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States are struggling to secure supplies of rapid antigen tests after being been forced to compete in a tight global market as the federal government refuses to purchase the kits for widespread use, despite public health experts saying they are a vital part of the future fight against the pandemic.
The country’s leaders are also yet to outline national guidelines for using rapid antigen tests after committing to work on a plan in November as pathology systems around the country continue to buckle under the strain of PCR testing demands.
A stockpile of COVID-19 rapid antigen tests on display at Southon’s Chemist in Sydney.Credit:Cole Bennetts
The NSW state government announced on Tuesday it had placed an order for 20 million tests which are expected to arrive by the end of January and will be provided free of charge to people. The Victorian state government put in a large order for rapid tests before Christmas but has not confirmed the number of tests on order or when they are expected to arrive.
“It has been very challenging to find supply,” NSW Health Minister Brad Hazzard told The Age and The Sydney Morning Herald on Tuesday.
PCR testing facilities in the ACT and NSW have been forced to close early as thousands of people line up for tests ahead of intestate travel and as states battle unprecedented COVID-19 case numbers.
But state governments have found it difficult to secure as many at-home tests as they need on the international market because they have been bidding against each other at the same time over the Christmas period.
Queensland’s Health Minister Yvette D’Ath said a move away from pre-travel PCR testing – pencilled in for January 1 – hinged on the availability of rapid testing kits in other states.
“There’s no point shifting from one type of test to another type of test if you’re not confident that that test is going to be available,” Ms D’Ath said on Tuesday morning.
The NSW order will not arrive in one batch but will be spaced out due to supply limitations.
NSW Premier Dominic Perrottet said the tests would be widely available but would have some conditions placed on their use.
“These tests will be used for people going to high-risk settings – to go to hospitals, visiting elderly relatives, going clubbing,” he said on Tuesday.
Mr Perrottet’s office did not respond to questions about where the government had purchased the tests.
The NSW Premier said more details would be announced in the coming days.
“I want to get as many rapid antigen tests in the homes of people right across our state … and we will move through the best distribution model to make sure the people who need those tests have access to them,” he said.
Countries including the UK and Singapore have made rapid antigen tests freely available for residents. They have been used in conjunction with PCR tests for much of 2021.
Epidemiologist and World Health Organisation adviser Professor Mary-Louise McLaws said Australia was well behind on broadening the use of rapid tests.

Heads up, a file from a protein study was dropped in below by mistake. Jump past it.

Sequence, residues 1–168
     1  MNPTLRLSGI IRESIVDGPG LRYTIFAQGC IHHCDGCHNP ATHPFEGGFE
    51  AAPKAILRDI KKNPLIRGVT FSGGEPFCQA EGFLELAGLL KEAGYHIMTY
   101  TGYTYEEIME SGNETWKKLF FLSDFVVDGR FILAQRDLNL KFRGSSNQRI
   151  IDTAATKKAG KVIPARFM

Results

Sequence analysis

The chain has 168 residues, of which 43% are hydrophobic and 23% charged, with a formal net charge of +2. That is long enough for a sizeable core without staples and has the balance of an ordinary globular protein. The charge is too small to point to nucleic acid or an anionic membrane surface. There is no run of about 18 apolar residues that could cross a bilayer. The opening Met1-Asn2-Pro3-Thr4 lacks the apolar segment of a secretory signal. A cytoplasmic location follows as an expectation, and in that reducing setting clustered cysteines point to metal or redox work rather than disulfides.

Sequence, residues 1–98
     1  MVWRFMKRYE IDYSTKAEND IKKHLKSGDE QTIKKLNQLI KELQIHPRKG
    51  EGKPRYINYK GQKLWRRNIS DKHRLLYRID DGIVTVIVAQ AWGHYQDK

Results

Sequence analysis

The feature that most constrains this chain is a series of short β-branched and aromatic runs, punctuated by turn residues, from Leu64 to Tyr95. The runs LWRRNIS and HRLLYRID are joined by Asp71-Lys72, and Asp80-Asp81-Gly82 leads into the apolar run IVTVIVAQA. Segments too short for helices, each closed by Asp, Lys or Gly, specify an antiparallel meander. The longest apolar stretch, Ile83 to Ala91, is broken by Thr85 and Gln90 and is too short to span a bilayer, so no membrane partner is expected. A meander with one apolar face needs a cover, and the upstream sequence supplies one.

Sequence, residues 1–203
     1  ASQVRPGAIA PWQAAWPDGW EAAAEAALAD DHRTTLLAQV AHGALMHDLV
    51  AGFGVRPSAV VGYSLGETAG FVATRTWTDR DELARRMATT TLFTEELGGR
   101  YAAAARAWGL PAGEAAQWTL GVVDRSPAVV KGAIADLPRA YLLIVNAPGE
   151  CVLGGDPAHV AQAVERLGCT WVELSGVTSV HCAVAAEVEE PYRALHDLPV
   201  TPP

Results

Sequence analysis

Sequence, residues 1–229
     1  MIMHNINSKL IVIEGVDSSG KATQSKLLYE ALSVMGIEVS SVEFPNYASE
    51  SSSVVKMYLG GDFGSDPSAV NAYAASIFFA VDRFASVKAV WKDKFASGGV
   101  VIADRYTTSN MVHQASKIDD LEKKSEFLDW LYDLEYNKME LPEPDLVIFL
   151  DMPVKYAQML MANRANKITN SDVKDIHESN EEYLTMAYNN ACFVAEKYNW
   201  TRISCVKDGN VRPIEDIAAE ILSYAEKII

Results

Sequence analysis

“PCR tests should be perfectly used for diagnosis of somebody who has symptoms … everybody else should be using a rapid antigen test,” she said.
Deakin University’s chair of epidemiology Professor Catherine Bennett said PCR testing should be reserved for those at high risk of serious COVID-19 so they can receive potentially life-saving medical treatments as early as possible, keeping them out of hospital or intensive care.
“We have to preserve PCR testing for where it counts,” she said.
In advice provided to national cabinet before its meeting last week, the country’s chief health officers recommended increasing the use of rapid antigen testing, including for essential workers and in high-risk settings for transmission.
A federal government source speaking anonymously said states had known for weeks that supply was tight and were aware from October that the tests would be available for at-home use by November.
“There’s a lead-in time to manufacture and deliver the tests, and unfortunately no one seems to have thought about that in Victoria,” the source said.
The federal Department of Health said the federal government provides rapid antigen tests for some aged care facilities and also provides reimbursements for tests used in disability care, but said people should purchase their own as “Medicare does not fund clinic goods”.
“Medicare does not fund bandages or medicines, but it does fund the service provided by a doctor in changing a bandage or prescribing a medicine. This also applies to rapid antigen detection devices or screening tests,” a department spokeswoman said, adding people could purchase RAT kits through retailers.
Grattan Institute health economist Stephen Duckett said the Commonwealth should be responsible for procuring rapid tests because it has greater purchasing power and could place orders of greater volume.
He said governments around Australia had been slow to recognise the importance of at-home tests, and argued they should be made free.
Professor Bennett said states should provide free rapid antigen tests as they were the ones deciding public health measures, but Professor McLaws said the federal government should be footing the bill.
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